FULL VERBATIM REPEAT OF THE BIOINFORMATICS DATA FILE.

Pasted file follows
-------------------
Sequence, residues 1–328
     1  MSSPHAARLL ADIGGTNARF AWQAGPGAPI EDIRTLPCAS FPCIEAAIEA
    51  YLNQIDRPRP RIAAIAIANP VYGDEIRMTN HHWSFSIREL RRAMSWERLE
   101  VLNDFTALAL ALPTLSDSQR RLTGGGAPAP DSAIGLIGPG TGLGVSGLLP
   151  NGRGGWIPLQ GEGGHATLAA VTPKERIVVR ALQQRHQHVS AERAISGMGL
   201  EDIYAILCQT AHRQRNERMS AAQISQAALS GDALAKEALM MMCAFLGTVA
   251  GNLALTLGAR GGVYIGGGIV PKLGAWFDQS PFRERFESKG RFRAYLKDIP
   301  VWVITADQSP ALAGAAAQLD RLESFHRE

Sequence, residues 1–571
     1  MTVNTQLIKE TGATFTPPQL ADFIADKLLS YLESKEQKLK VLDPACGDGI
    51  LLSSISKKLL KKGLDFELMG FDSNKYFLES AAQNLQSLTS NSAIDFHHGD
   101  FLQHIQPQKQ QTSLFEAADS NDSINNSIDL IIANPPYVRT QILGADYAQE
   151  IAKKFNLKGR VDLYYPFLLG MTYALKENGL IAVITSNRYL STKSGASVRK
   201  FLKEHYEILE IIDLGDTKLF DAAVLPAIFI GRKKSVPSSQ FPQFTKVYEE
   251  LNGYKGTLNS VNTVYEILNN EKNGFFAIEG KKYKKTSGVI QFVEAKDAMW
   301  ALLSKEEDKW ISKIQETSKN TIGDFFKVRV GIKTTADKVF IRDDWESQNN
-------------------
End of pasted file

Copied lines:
Sequence, residues 1–328
     1  MSSPHAARLL ADIGGTNARF AWQAGPGAPI EDIRTLPCAS FPCIEAAIEA
    51  YLNQIDRPRP RIAAIAIANP VYGDEIRMTN HHWSFSIREL RRAMSWERLE
   101  VLNDFTALAL ALPTLSDSQR RLTGGGAPAP DSAIGLIGPG TGLGVSGLLP
   151  NGRGGWIPLQ GEGGHATLAA VTPKERIVVR ALQQRHQHVS AERAISGMGL
   201  EDIYAILCQT AHRQRNERMS AAQISQAALS GDALAKEALM MMCAFLGTVA
   251  GNLALTLGAR GGVYIGGGIV PKLGAWFDQS PFRERFESKG RFRAYLKDIP
   301  VWVITADQSP ALAGAAAQLD RLESFHRE

Sequence, residues 1–571
     1  MTVNTQLIKE TGATFTPPQL ADFIADKLLS YLESKEQKLK VLDPACGDGI
    51  LLSSISKKLL KKGLDFELMG FDSNKYFLES AAQNLQSLTS NSAIDFHHGD
   101  FLQHIQPQKQ QTSLFEAADS NDSINNSIDL IIANPPYVRT QILGADYAQE
   151  IAKKFNLKGR VDLYYPFLLG MTYALKENGL IAVITSNRYL STKSGASVRK
   201  FLKEHYEILE IIDLGDTKLF DAAVLPAIFI GRKKSVPSSQ FPQFTKVYEE
   251  LNGYKGTLNS VNTVYEILNN EKNGFFAIEG KKYKKTSGVI QFVEAKDAMW
   301  ALLSKEEDKW ISKIQETSKN TIGDFFKVRV GIKTTADKVF IRDDWESQNN